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Top 5 Women's Sports Events of 2011

Top 5 Women's Sports Events of 2011

2011 was an intense year for women in sports. While we’re looking forward to more excitement in 2012 (including the Olympics!), let’s also take a look back on this year’s top five most memorable moments in women’s athletics, good and bad.

5. Pat Summitt announces early stage Alzheimer’s

In August, Pat Summitt, the 59-year-old University of Tennessee women’s basketball coach — who boasts the most impressive winning streak of any college coach in history, male or female — announced that she had been diagnosed with early onset Alzheimer’s. While the news devastated players and fans, Summitt still managed to inspire her fans.

4. Minnesota Lynx earn first WNBA title

Beating the Atlanta Dream 73-67 in October, the Minnesota Lynx scored the franchise’s first WNBA title. Despite a halftime lead from the Dream in the final game, the Lynx took over in the drama-filled game’s last 20 minutes and sealed Minnesota’s victory by hitting 9 out of 12 from the free-throw line in the match’s final white-knuckling moments.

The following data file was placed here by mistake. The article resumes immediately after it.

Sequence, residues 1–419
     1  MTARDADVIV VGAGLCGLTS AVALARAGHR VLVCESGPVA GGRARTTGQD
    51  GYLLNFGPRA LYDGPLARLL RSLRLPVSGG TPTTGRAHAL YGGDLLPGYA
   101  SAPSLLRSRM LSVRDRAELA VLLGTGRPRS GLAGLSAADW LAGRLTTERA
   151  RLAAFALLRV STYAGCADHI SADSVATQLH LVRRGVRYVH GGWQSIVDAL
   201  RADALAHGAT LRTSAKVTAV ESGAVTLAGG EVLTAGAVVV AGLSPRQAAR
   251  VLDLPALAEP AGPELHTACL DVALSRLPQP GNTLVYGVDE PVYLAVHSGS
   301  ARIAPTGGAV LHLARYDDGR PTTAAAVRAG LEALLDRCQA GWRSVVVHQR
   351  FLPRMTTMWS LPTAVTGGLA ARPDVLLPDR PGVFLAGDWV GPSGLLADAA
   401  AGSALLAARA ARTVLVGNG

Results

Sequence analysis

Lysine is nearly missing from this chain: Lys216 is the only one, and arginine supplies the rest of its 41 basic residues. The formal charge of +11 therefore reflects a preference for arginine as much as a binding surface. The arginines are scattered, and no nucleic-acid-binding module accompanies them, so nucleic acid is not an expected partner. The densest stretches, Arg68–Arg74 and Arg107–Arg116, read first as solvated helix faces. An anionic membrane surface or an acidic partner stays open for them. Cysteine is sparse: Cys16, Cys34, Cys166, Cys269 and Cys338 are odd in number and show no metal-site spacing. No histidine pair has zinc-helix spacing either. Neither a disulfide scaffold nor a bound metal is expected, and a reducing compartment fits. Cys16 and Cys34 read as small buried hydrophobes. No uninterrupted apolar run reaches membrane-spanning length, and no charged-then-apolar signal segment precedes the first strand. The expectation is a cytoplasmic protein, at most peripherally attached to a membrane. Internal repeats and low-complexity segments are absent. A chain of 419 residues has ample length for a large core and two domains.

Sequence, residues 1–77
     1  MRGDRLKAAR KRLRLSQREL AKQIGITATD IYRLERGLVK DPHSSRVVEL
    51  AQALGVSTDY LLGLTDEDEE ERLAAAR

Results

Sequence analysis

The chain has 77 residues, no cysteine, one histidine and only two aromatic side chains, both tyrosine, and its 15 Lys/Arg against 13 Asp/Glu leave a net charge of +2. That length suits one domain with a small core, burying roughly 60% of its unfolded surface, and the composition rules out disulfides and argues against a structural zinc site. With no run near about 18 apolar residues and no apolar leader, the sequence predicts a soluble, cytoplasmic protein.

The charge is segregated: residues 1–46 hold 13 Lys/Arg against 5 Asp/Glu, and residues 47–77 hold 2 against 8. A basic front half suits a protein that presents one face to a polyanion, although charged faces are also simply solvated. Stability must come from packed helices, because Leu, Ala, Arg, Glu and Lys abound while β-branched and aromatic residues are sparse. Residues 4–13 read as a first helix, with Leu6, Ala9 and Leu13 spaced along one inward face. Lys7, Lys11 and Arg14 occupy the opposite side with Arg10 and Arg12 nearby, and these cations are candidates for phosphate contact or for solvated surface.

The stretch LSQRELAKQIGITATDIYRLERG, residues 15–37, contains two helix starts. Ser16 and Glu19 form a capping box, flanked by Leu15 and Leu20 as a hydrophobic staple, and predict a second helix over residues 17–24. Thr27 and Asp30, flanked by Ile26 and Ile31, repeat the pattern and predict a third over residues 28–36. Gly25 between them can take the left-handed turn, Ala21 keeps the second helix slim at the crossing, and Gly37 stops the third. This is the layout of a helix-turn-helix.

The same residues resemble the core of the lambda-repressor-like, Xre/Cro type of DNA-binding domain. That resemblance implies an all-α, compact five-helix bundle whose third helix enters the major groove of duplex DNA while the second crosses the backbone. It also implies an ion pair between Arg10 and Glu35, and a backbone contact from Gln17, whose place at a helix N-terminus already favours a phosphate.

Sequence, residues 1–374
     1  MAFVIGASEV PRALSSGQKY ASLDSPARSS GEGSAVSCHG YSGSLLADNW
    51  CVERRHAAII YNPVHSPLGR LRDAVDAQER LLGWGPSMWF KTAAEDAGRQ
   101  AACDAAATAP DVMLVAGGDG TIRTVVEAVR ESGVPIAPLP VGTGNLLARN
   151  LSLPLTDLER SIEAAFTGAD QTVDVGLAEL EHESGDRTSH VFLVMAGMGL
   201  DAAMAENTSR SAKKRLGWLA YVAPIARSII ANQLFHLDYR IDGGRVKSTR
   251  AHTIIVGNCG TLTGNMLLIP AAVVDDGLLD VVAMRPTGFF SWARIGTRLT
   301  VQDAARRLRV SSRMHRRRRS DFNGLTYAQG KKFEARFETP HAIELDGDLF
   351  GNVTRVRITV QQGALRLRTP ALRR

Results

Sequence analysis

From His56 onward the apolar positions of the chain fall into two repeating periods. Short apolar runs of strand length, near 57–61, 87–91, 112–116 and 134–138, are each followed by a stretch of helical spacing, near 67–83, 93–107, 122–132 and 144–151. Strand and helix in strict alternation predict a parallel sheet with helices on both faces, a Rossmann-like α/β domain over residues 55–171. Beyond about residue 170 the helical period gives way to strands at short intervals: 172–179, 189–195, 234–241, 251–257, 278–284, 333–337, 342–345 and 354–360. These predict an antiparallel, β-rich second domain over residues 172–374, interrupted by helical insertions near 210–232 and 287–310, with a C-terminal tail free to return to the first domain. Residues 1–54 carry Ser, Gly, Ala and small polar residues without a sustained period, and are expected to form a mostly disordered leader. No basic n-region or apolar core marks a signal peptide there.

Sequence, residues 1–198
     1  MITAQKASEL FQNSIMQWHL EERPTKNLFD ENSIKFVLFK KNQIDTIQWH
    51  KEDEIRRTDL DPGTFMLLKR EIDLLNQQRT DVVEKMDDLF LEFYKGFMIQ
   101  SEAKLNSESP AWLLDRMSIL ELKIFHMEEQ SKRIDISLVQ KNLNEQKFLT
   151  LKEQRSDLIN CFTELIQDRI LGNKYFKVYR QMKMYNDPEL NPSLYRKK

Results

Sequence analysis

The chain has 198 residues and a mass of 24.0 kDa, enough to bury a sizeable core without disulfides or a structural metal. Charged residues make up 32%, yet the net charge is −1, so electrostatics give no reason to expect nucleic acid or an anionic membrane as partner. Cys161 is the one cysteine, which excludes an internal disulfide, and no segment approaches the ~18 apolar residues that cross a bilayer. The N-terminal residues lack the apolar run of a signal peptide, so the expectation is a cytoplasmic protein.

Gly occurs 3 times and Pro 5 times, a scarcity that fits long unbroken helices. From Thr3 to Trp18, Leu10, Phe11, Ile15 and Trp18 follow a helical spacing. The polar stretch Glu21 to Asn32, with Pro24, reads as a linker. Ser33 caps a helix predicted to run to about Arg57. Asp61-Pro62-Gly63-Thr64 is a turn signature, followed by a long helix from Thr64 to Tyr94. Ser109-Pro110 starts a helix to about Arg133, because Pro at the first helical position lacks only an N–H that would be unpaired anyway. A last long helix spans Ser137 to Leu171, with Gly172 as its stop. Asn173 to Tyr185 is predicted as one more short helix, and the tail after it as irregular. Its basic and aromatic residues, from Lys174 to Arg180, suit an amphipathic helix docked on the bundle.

3. Lexi Thompson becomes youngest golfer to win a professional LPGA tournament

A new golf star was born in September when at 16 years old Lexi Thompson became the youngest pro (by almost two years) to win an LGPA tour event. Proving that we might have a female Tiger Woods in our midst, Thompson then went on to become the youngest winner in Ladies European Tour history when she won the Dubai Ladies Masters on December 17th.

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2. Danica Patrick’s final IndyCar race

The most successful female in American racing, Danica Patrick finally came clean about her not-so-secret plans to leave IndyCar next year and race full time for NASCAR. Despite the tragic death of fellow driver Dan Wheldon in Patrick’s final race in Las Vegas, Patrick went out on a high note as the only woman in history to win in the IndyCar series.

1. Women's World Cup Run

And finally, even though the U.S. lost to Japan, the 2011 FIFA Women’s World Cup had plenty to cheer about. The sixth world championship for women’s soccer (or football, as the rest of the world calls it) had many exhilarating moments, especially the first half of the final, in which the U.S. looked as if was actually going to take the prize. Overall, the run was head and shoulders above the rest of this year’s sporting events.

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